A Medico-Legal Case can be defined as a case of injury or ailment, etc., in which investigations by the law-enforcing agencies are essential to fix the responsibility regarding the causation of the injury or ailment. In simple language, it is a medical case with legal implications for the attending doctor where the attending doctor, after eliciting history and examining the patient, thinks that some investigation by law enforcement agencies is essential. Or a legal case requiring medical expertise when brought by the police for examination.
In any of the medico-legal cases, it is the legal duty of the treating doctor to report it to the nearest police station immediately after completing primary lifesaving medical care. This is in accordance with Section 39 of Criminal Procedure Code of India. The idea is to initiate the legal proceeding at the earliest is so that maximum evidence can be collected by the police officer. Quick action by the police also helps to avoid the destruction of evidence by the treating physician.
The following cases should be considered as medico-legal and as such the medical officer is “duty-bound” to intimate to the police regarding such cases:
· All cases of injuries and burns -the circumstances of which suggest commission of an offense by somebody. (irrespective of suspicion of foul play)
· All vehicular, factory or other unnatural accident cases specially when there is a likelihood of patient’s death or grievous hurt.
· Cases of suspected or evident sexual assault.
· Cases of suspected or evident criminal abortion.
· Cases of unconsciousness where its cause is not natural or not clear.
· All cases of suspected or evident poisoning or intoxication.
· Cases referred from a court or otherwise for age estimation.
· Cases brought dead with improper history creating suspicion of an offense.
· Cases of suspected self-infliction of injuries or attempted suicide.
· Any other case not falling under the above categories but has legal implications.
In a country where 130,000 deaths occur annually due to road traffic accidents and 53% women suffer from domestic violence leading to grave injuries, it is important that hospitals and the law work hand in hand to help the injured. Our legal system has grown in leaps and bounds from 1989 when people would lose their lives waiting for treatment and the ‘right to life’ act was formed in the same year. The law states that concerns like legal formalities, monetary considerations or even the infrastructural restraints of the institution should not prohibit the institution or hospital from providing basic and emergency medical treatment.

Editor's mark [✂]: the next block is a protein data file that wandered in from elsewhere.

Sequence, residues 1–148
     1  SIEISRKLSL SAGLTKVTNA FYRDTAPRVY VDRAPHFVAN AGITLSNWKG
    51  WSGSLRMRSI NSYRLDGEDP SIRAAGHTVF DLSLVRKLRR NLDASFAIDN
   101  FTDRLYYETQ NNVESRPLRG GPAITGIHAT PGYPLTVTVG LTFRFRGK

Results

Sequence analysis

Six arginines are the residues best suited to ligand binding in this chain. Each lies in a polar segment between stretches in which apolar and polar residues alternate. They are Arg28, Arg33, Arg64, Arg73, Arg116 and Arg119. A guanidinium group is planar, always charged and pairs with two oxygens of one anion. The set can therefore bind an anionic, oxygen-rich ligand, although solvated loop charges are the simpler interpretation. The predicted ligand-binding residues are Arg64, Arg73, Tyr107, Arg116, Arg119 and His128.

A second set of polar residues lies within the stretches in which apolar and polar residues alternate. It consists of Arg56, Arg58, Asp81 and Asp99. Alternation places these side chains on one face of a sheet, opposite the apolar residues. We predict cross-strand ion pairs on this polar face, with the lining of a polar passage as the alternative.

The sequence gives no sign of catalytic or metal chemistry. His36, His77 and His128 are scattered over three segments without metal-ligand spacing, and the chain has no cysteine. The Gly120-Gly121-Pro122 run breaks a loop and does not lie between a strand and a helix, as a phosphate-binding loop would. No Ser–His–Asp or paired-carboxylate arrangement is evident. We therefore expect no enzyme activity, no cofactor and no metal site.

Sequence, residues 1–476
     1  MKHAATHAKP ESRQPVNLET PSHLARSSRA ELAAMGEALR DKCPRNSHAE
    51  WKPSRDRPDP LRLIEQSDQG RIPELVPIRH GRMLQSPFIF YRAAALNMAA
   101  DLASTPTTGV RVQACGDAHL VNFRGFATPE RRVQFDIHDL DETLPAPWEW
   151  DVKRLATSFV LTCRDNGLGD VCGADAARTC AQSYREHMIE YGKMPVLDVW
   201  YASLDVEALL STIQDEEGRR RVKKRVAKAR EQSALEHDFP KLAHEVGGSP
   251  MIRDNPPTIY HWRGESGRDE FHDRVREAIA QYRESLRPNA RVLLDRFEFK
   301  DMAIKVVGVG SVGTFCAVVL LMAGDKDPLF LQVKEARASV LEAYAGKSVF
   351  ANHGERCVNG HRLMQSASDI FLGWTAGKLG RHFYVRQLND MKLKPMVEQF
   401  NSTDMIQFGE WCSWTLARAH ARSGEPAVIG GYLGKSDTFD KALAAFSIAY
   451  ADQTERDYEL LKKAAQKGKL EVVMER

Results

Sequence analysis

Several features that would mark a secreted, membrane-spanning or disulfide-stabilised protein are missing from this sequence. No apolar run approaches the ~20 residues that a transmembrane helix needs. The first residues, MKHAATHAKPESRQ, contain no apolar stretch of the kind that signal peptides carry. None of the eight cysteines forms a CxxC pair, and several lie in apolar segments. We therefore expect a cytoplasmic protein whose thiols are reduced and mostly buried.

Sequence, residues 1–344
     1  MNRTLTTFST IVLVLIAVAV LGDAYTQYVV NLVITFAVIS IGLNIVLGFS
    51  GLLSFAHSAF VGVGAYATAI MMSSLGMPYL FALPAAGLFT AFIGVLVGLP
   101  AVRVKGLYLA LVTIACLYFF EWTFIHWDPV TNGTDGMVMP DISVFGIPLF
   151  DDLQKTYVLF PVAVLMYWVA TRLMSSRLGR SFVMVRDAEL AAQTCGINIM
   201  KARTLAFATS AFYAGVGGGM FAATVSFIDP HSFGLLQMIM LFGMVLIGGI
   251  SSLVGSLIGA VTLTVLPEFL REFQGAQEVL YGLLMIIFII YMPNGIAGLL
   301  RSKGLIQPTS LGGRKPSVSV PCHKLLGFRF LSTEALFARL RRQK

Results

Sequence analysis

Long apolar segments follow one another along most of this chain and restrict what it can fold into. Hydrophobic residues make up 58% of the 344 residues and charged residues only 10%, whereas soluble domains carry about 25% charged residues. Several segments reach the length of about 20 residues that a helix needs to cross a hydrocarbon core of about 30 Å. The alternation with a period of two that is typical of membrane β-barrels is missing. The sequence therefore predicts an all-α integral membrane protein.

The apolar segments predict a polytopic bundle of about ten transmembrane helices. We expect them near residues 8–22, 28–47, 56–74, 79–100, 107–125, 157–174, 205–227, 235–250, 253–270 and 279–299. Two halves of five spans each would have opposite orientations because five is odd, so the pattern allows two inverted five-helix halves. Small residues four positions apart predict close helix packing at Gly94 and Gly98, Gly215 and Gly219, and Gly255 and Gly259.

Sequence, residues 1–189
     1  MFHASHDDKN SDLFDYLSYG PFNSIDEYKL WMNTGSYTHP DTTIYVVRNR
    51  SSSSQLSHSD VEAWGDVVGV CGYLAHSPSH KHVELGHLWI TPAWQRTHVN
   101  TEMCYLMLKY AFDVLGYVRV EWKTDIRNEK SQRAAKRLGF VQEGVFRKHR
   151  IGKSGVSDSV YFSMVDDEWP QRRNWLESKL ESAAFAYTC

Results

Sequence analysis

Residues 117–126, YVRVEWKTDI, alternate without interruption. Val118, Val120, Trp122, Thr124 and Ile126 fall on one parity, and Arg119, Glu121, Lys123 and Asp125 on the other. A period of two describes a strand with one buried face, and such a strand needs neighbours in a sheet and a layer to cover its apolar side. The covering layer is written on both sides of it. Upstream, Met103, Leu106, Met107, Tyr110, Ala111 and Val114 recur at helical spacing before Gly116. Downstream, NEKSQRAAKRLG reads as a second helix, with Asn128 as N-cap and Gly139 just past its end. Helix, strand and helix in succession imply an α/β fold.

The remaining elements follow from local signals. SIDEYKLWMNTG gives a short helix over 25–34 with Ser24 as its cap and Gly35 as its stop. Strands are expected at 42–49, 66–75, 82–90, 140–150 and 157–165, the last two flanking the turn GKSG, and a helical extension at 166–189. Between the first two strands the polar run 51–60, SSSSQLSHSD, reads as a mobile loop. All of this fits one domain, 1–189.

It was not long back a youth, severely injured after being hit by a speeding KSRTC bus at Koppal, Karnataka died in hospital simply because he didn’t get timely help from the public. Even though the hospital was just a stone’s throw from the accident spot, but people watched Anwar writhing in pain and some even used their cell phones to shoot pictures and videos. None of them tried to shift him to a hospital. Common people still have the fear that they will be tied in these cases due to unawareness in MLC. Instead of merely berating such callous and inhuman attitude among the public, there is an urgent need to create awareness that almost 50% of the accident victims have excellent chances of survival if they get immediate attention and treatment. Anyone near the accident site can call helpline 108 or 104 for ambulance, and the victim will be taken to the nearest hospital for emergency treatment free of cost. Hospitals are required to make admission irrespective of whether it is a medico-legal case and the government will reimburse the cost of treatment up to Rs 25,000.
Lately, Indian society is experiencing a growing awareness regarding patient’s rights. This trend is clearly discernible from the recent spurt in litigation concerning medical professional or establishment liability, claiming redressal for the suffering caused due to medical negligence, vitiated consent, and breach of confidentiality arising out of the doctor-patient relationship. In order to prove that medical malpractice occurred, the patient must be able to show all of these things:
· A doctor-patient relationship existed.
· The doctor was negligent.
· The doctor’s negligence caused the injury.
· The injury led to specific damages.
· Failure to diagnose.
· Improper treatment.
· Failure to warn a patient of known risks.
The complaint against medical negligence can be filed as mentioned below.
· In The District Forum if the value of services and compensation claimed is less than 20 lakh rupees,
· Before the State Commission, if the value of the goods or services and the compensation claimed does not exceed more than 1 crore rupees.
· In the National Commission, if the value of the goods or services and the compensation exceeds more than 1 crore rupees.
Medico-legal cases have to be dealt with properly, following the institution’s prevailing guidelines. Usually, all the big hospitals and the teaching institutions have an ‘institutional medico-legal manual’ which gives, in a step-wise detail, the correct procedure for dealing with the various kinds of MLCs. Even if such manuals are not available, these cases pose no problem if one uses proper caution and due care and attention, while dealing with them. Proper documentation, timely information, a methodical and thorough examination including all relevant investigations and referrals, etc, are all that are necessary to see such cases completed successfully.
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